If you don’t have the construction guy handy, you can resort to the technique I used before I discovered Info.plist processing: MOX’s own stamping of missing dock files makes for a handy visual guide to your test app. To try it yourself, add the debug version from within your build/Debug folder to your dock items. That’s right, the debug version (or whatever you use for test builds). Now delete it and empty the trash. (You will be building new ones, won’t you?) Now click on the app icon you just added to the dock. It adds a big fat ‘?’ to your lovely icon, doesn’t it? (At least it should if you deleted the correct icon.) Now rebuild your app and run it from within Xcode.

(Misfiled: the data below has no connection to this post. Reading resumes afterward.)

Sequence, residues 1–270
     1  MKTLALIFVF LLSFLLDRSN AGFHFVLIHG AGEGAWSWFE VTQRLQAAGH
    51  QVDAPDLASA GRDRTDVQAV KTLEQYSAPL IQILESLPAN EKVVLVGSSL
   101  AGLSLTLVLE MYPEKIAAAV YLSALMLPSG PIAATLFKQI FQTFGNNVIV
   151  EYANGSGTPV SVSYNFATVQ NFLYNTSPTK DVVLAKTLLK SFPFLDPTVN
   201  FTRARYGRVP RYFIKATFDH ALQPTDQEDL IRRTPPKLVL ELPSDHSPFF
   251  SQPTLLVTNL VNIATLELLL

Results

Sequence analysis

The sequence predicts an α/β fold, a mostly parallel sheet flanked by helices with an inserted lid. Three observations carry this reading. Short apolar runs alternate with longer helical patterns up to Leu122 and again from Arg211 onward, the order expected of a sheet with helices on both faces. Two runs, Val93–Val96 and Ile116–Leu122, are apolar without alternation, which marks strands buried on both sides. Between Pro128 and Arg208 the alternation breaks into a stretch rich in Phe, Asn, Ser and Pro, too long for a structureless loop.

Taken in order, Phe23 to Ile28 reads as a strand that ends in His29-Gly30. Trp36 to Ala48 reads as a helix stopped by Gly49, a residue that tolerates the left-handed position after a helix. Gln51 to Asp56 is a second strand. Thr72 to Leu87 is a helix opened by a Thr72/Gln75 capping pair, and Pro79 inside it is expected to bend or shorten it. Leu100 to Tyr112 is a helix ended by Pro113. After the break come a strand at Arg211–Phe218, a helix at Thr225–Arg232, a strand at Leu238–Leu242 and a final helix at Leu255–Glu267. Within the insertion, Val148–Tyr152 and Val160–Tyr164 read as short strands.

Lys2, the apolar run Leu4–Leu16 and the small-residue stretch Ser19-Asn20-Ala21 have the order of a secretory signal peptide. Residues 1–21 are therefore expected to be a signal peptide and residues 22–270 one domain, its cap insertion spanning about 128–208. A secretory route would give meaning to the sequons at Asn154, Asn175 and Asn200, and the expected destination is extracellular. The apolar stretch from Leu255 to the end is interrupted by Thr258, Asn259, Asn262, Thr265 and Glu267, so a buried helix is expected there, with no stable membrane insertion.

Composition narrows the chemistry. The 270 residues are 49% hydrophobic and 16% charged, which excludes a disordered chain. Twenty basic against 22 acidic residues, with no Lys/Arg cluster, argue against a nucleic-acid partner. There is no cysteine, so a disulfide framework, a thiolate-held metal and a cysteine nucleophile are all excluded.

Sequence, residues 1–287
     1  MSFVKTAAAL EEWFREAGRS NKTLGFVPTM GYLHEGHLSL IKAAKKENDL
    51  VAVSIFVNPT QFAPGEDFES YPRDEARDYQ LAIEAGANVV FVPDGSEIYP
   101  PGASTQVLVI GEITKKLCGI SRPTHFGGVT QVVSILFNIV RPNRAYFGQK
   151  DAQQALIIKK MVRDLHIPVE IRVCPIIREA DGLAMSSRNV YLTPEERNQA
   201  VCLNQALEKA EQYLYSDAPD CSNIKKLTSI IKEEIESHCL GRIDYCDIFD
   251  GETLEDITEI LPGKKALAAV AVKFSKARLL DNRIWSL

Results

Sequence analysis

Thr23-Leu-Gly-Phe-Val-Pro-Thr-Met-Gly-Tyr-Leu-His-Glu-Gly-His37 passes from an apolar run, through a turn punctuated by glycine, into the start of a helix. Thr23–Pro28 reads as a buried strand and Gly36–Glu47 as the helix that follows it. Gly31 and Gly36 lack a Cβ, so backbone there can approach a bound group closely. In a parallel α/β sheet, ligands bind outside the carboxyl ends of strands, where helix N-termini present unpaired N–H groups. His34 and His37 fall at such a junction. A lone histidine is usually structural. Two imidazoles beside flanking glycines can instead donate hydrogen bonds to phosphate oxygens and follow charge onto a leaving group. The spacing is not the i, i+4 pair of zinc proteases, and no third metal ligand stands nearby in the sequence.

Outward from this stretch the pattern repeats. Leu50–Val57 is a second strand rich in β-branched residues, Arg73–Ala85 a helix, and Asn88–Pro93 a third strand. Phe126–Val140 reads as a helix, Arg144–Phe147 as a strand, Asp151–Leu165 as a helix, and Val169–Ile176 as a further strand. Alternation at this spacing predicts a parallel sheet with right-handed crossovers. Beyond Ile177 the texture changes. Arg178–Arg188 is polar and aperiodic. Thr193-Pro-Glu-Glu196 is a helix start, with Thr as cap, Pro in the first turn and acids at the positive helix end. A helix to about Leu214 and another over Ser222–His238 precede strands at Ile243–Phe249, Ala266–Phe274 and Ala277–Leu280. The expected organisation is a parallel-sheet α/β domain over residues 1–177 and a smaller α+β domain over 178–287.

Now bring up the application switcher (cmd-tab). What do you see? A big fat ol’ ‘?’ emblazoned on the debug version of your app! Oh, you don’t? You see the normal icon? Yeah, you’re on Leopard, aren’t you? This trick doesn’t work as well on Leopard because MOX validates the file state more often than Tiger did. Such as, starting the test build from the Dock instead of only within Xcode. On Leopard, clicking on the dock icon when there’s a built debug version of your app in the debug folder will restore its unstamped icon. But anytime the question mark goes away, just delete the debug version, empty the trash, and click on the dock icon again.
Have fun, and keep ‘em flying!